Turkey's Armenian church elects new patriarch

Turkey’s Armenian church elects new patriarch

Turkey’s Armenian church elects new patriarch

Bishop Sahak Masalyan speaks during a special ceremony after his election as the new Patriarch of Turkey's Armenian community, in Istanbul, Wednesday, Dec. 11, 2019. (Credit: Emrah Gurel/AP.)

Turkey's Armenian community on Wednesday voted in Bishop Sahak Masalyan as its new patriarch, in an election that critics say was overshadowed by Turkish government intervention.

ANKARA, Turkey — Turkey’s Armenian community on Wednesday voted in Bishop Sahak Masalyan as its new patriarch, in an election that critics say was overshadowed by Turkish government intervention.

Delegates elected Masalyan, 57, as the 85th patriarch of the Armenian Orthodox Christians in Turkey, the church announced at the end of a election process that began on Dec. 7. He succeeds Patriach Mesrob II, who died in March at 62.

Masalyan’s rival, Archbishop Aram Atesyan, had been serving as acting patriarch since 2008, when Mesrob became incapacitated and withdrew from his duties.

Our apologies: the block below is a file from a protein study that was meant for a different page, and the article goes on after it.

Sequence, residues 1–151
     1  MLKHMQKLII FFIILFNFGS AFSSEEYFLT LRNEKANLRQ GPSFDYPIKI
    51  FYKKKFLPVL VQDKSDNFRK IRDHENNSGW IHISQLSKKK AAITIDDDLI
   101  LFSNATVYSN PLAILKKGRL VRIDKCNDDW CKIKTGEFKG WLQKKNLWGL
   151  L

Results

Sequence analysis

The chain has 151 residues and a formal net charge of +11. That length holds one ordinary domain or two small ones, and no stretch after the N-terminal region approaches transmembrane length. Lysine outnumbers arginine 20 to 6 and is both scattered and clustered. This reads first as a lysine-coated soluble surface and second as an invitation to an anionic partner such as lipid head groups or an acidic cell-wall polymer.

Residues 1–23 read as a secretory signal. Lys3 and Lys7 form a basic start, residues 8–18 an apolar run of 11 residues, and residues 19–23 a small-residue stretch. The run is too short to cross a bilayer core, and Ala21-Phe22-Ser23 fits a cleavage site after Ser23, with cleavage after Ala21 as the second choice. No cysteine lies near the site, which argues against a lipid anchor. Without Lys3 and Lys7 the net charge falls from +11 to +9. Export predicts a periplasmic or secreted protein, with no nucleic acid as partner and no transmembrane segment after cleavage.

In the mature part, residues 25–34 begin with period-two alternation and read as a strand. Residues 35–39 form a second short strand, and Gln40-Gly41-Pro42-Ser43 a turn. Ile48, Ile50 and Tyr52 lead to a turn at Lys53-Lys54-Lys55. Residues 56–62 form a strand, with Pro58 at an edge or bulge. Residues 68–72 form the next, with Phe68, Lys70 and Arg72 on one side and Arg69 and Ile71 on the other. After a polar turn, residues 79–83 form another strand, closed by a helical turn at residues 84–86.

Atesyan and Masalyan were among only three candidates who were able to stand for the position after Turkey ruled that Armenian clergy currently serving abroad would not be eligible. The third candidate dropped out of the race in protest, while some community members boycotted the election process, according to Turkish media reports.

The patriarch is considered the head of the Armenians in Turkey, which numbers an estimated 70,000, and serves as a go-between the government and the community. Turkish officials often rely on the patriarch’s cooperation for their efforts to counter moves around the world to recognize the mass killings of Armenians by Ottoman Turks a century ago as genocide.

Historians estimate that up to 1.5 million Armenians were killed around World War I, and many scholars see it as the 20th century’s first genocide. Turkey disputes the description, saying the toll has been inflated and that those killed were victims of a civil war. Turkey has repeatedly called for a joint committee of historians to investigate the slayings.

Garo Paylan, a legislator in Turkey’s parliament, was among community members who boycotted the election process.

“I will not consider the chosen one as my Patriarch,” he wrote on Twitter, adding that those who interfered in the election process would go down in the “dark pages” of history.

Last year, the Turkish government intervened to halt elections at the patriarchate on the grounds “that the necessary conditions for the electoral process had not been met” and that Mesrob was still alive.


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